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    $\begingroup$ I will point out that while Wildberger is currently one of the most popular sources of "higher level math" youtube videos, but he has some pretty unconventional view (including a distrust of the real number system, and I believe, Cantor's diagonalization argument). $\endgroup$ – Steven Gubkin Jan 9 '15 at 16:57
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    $\begingroup$ @StevenGubkin Wildberger does have some unconventional views, but for the most part they do not affect the quality of his videos. I have previously watched the linked video and found it accurate and accessible. $\endgroup$ – Richard Jan 10 '15 at 13:20
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    $\begingroup$ @Richard I agree that some of his videos are okay, this one in particular. Since this forum is populated with educators who might recommend his videos to impressionable young students, I think it is worth conveying some of the problems with them. $\endgroup$ – Steven Gubkin Jan 10 '15 at 14:13
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    $\begingroup$ @StevenGubkin "impressionable young students"... Should videos based on constructionist mathematical philosophy be marked R16 Warning: contains Adult Themes... $\endgroup$ – Richard Jan 12 '15 at 10:06
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    $\begingroup$ @Richard constructive mathematics (of which I am a big fan!) accepts Cantor's diagonalization argument. In fact, it is a constructive proof. Most students have been trained to accept things on the authority of the teacher, so that an authority with very nonstandard beliefs could cause lasting damage (potentially). I would just not recommend Wildberger as your one stop "higher math fix". I think it is worthwhile recommending his videos with a grain of salt. They could also be a source of fruitful discussions "what parts of this are good, and what parts are not". $\endgroup$ – Steven Gubkin Jan 12 '15 at 13:17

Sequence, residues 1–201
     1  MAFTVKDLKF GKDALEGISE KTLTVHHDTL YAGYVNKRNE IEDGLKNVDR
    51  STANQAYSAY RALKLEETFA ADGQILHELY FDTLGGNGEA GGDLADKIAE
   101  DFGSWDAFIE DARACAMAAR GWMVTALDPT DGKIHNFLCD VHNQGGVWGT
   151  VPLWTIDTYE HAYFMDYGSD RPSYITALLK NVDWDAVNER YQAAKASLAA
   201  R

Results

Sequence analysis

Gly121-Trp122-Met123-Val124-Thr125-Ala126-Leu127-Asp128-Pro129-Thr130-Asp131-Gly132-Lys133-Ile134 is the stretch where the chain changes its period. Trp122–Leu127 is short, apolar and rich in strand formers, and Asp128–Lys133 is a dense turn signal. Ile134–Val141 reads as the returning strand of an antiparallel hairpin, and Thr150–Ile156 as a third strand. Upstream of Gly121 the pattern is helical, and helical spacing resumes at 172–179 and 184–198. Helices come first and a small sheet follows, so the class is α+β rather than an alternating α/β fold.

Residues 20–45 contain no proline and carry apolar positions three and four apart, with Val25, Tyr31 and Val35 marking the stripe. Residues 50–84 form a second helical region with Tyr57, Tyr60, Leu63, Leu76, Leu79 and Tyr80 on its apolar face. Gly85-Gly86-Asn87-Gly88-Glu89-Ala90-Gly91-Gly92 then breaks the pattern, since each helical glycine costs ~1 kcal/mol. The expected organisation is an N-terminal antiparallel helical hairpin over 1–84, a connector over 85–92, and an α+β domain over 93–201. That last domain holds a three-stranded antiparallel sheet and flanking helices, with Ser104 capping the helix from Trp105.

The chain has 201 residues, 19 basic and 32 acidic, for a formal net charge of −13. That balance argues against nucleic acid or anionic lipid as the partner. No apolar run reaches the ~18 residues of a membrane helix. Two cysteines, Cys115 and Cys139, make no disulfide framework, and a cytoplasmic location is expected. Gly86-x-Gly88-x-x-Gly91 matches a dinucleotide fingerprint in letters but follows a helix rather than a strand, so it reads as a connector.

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The choice of i versus -i is correlated with the geometric orientation of the the plane. One choice, i, correponds to counterclockwise orientation which matches the righthand rule for orientation.

Conjugation, which is reflection across the x-axis, reverses orientation and exchanges the two choices.